Your tone of voice should shine throughout, from website copy and your email marketing to social media posts. Remember with marketing messages, you can’t use the same language that’s expected in the board room, it’s engaging, persuasive copy that is required. Every element should be in line and integrated so that nothing gets lost and it’s clear it’s part of the same campaign.

Event website/landing page

One key focal point of your campaign is to create an amazing website or landing page to draw customers in, signpost further information and allow for everything to be in one easy, accessible place.

Consider if you want a standalone website or simply build a landing page on your existing website. If you chose the second option, make sure you have a viable link somewhere on your current website to direct traffic to your event site as you don’t want to lose potential attendees.

Include the following information:

  • Key information
  • Agenda
  • Pricing
  • What to expect from the event

Create relevant and engaging content

Build into the communications plan exciting and relevant information so you can count down to the event and engage your audience with regular touch points and teasers as you build anticipation to the big day – incorporate weekly/fortnightly/monthly newsletters depending on how much content you feel like you will have. Think about including guest blogs, speaker announcements, programme messages etc. Everyone loves a save-the-date email so it’s a great idea to incorporate this before launching. You want to generate excitement for your event – share sneak peeks, behind-the-scenes footage, and testimonials to generate anticipation.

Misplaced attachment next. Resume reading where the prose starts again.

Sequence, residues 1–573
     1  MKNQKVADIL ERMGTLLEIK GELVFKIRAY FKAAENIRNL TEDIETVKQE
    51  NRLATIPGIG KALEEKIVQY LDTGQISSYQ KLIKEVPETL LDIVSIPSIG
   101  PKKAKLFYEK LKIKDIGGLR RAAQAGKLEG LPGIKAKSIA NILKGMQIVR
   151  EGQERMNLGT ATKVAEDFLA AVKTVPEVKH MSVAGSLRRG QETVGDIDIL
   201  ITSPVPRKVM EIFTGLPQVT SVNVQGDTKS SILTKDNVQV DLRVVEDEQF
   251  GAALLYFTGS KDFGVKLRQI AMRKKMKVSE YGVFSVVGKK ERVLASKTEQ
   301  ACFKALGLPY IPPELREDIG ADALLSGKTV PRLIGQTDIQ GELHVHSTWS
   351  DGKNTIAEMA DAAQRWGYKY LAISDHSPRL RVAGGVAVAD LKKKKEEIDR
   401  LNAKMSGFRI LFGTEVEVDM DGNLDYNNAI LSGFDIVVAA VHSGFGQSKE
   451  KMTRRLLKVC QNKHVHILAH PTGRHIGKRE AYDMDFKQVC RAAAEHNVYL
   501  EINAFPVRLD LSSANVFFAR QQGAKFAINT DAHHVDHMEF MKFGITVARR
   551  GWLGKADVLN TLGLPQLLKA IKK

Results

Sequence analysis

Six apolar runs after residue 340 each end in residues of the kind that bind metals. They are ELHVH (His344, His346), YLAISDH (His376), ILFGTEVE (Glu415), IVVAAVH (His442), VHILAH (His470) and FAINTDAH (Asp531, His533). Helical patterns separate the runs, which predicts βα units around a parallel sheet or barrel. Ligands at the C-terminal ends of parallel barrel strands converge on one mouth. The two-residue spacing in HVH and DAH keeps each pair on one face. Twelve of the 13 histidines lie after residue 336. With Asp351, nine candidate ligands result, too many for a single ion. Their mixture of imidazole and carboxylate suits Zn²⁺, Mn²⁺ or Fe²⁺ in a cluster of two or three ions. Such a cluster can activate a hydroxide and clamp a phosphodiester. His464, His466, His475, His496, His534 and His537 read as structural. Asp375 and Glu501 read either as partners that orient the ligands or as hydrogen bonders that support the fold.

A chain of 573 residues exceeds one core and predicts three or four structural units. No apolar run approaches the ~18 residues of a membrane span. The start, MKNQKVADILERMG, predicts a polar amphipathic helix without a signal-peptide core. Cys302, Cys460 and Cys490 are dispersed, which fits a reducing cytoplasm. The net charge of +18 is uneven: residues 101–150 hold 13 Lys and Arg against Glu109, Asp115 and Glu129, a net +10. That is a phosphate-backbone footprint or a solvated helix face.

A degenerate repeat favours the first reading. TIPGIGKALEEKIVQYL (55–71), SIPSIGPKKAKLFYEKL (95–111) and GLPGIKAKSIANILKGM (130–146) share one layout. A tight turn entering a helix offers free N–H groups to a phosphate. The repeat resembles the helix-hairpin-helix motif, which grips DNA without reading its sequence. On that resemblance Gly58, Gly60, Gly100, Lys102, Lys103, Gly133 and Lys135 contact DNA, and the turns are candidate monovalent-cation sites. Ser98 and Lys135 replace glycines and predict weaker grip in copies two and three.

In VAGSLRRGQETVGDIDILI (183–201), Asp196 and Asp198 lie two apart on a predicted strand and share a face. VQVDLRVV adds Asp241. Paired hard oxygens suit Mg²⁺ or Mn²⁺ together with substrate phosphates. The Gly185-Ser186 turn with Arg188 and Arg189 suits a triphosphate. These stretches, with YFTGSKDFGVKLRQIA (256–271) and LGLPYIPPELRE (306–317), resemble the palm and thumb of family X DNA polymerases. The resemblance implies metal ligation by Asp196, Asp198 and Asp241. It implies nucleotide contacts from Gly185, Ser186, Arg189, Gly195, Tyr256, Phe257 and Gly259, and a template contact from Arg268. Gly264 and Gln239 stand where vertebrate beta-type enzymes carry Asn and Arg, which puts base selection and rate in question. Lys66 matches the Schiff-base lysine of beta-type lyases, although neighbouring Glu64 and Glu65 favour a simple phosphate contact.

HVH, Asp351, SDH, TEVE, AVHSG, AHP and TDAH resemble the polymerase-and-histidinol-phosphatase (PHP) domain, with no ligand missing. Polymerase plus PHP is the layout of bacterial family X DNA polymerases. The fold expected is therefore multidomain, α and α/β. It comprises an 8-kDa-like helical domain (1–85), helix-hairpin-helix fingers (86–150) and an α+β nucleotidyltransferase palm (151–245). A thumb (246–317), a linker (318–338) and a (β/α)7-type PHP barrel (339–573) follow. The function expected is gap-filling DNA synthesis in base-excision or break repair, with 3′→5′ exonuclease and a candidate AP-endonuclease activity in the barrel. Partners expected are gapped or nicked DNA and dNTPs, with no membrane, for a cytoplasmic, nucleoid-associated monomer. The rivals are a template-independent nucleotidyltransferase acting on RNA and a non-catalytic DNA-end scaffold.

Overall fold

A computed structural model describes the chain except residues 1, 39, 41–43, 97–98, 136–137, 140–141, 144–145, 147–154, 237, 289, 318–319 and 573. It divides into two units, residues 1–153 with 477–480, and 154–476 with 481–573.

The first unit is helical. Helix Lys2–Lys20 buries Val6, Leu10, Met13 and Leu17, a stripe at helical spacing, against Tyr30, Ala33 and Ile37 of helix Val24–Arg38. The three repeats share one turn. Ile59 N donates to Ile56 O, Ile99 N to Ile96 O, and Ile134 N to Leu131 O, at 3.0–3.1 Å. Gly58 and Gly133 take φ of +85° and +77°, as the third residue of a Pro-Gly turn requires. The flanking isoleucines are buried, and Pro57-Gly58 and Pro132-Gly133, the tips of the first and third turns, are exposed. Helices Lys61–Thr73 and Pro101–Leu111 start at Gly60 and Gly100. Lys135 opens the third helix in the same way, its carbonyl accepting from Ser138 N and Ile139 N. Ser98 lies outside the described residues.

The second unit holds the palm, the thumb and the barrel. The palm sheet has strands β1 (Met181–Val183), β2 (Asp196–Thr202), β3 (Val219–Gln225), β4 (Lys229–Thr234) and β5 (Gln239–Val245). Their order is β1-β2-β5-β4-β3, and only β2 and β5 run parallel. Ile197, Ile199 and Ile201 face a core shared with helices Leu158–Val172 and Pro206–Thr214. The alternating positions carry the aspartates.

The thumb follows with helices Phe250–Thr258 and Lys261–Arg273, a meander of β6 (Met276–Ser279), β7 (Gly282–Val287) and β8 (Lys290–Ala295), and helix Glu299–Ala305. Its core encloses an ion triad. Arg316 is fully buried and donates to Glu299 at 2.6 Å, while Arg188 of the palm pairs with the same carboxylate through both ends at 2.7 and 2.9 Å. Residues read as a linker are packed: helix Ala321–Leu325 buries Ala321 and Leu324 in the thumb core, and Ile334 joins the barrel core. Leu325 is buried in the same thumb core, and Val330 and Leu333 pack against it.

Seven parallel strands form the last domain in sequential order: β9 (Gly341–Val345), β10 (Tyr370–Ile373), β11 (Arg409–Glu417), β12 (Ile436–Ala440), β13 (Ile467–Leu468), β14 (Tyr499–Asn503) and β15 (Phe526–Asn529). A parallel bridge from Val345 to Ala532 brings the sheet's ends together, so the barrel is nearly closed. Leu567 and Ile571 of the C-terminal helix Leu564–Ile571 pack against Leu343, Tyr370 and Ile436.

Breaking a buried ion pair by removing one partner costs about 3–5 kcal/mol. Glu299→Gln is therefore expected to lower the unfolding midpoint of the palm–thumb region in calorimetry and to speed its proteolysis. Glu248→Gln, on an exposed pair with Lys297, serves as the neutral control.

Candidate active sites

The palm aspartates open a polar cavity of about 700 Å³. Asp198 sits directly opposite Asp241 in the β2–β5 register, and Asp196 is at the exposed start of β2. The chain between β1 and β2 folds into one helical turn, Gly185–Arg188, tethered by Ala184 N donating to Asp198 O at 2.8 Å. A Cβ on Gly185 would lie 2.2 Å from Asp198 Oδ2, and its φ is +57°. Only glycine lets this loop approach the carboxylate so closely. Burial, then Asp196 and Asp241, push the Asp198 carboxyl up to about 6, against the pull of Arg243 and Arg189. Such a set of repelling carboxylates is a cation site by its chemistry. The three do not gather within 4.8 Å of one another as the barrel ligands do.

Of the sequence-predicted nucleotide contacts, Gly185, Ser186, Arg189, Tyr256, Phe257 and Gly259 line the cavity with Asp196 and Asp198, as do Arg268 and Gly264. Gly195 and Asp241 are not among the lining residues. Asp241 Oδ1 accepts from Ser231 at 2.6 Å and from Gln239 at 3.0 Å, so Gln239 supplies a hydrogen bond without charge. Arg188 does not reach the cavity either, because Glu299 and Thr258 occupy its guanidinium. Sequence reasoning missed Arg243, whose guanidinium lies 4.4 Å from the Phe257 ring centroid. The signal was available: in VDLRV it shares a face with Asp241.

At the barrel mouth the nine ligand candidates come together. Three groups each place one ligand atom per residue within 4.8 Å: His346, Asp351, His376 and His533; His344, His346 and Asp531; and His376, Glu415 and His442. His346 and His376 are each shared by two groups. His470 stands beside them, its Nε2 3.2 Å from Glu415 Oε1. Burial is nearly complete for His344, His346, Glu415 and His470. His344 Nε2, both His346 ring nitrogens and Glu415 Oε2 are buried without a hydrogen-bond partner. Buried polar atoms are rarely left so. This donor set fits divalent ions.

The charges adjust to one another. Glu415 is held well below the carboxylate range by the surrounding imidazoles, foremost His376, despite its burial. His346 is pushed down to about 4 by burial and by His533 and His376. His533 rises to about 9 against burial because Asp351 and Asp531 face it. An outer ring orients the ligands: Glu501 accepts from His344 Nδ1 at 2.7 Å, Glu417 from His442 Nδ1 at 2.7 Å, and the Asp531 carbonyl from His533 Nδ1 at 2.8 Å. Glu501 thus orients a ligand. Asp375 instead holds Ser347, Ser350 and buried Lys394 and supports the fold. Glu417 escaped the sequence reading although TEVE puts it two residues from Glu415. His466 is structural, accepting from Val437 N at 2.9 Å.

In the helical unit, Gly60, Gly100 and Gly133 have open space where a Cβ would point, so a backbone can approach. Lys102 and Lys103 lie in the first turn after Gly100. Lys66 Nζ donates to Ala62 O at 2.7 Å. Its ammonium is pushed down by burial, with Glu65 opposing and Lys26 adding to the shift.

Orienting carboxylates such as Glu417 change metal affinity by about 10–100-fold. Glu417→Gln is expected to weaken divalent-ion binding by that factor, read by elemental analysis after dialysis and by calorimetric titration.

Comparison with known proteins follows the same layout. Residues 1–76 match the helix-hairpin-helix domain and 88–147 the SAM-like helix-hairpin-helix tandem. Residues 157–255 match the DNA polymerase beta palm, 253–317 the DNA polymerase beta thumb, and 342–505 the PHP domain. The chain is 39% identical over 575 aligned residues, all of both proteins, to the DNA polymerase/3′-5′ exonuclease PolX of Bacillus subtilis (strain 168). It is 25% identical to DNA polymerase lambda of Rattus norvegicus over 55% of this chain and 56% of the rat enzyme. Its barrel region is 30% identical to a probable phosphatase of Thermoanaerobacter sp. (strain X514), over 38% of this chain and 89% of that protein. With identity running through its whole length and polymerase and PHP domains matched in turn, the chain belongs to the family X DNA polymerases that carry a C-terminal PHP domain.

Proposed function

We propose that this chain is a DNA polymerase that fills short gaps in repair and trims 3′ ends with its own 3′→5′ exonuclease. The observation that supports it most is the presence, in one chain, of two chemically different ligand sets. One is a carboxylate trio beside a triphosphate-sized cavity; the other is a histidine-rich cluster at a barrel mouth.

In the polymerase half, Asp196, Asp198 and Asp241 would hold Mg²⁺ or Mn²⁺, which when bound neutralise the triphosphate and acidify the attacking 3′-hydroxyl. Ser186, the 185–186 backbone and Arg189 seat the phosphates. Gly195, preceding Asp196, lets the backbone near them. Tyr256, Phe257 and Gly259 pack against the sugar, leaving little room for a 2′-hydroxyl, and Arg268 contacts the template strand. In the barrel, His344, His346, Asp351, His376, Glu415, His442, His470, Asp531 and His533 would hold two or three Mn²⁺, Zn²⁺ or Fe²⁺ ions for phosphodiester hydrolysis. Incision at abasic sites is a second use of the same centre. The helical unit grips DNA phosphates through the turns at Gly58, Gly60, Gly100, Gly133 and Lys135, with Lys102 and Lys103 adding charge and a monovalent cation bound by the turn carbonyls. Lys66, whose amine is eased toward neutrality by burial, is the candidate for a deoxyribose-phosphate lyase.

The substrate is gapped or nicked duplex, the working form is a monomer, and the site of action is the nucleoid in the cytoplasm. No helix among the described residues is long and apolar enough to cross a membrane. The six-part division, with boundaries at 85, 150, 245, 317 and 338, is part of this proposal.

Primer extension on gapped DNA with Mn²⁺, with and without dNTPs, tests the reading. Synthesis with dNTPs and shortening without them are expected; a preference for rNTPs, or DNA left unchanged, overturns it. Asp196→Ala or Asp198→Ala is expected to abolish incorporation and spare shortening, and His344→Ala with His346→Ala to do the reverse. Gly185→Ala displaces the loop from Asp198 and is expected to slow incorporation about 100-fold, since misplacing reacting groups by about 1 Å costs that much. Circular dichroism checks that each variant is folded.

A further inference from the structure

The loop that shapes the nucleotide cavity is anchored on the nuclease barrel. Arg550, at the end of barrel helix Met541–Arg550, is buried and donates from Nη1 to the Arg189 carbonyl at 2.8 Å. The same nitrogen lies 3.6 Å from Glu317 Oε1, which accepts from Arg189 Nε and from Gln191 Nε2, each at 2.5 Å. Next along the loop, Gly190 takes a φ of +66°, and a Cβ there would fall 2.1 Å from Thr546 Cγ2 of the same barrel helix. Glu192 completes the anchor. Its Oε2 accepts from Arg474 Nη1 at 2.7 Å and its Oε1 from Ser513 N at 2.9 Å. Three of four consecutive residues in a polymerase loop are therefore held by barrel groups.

Don’t forget about social media, too. Social media is one of the most cost-effective ways to communicate with your potential audience, plus interacting with your audience is a great way to build relationships and turn these into attendees. Keep a steady schedule of posts so you can monitor what you’re sharing and refer to successful posts in the future.

While the definition of marketing may vary, its pivotal role in any business or event strategy is undeniable. Marketing serves as the catalyst for informing potential delegates, building brand awareness, and ultimately driving engagement and attendance. With a clear marketing strategy in place, event organisers can effectively reach their target audience and achieve their objectives.

Key points to take away:

  • Develop a marketing strategy with measurable goals aligned with your event’s purpose.
  • Research and understand your target audience’s demographics, interests, and preferences to shape your content.
  • Create a comprehensive toolkit, including graphics and prepared statements to support event promotion, utilising your event ambassadors.
  • Ensure your branding is consistent across all channels.
  • Build anticipation and excitement through relevant and engaging content, incorporating newsletters, and blogs. Speaker announcements, and social media posts to generate anticipation and encourage attendee interaction.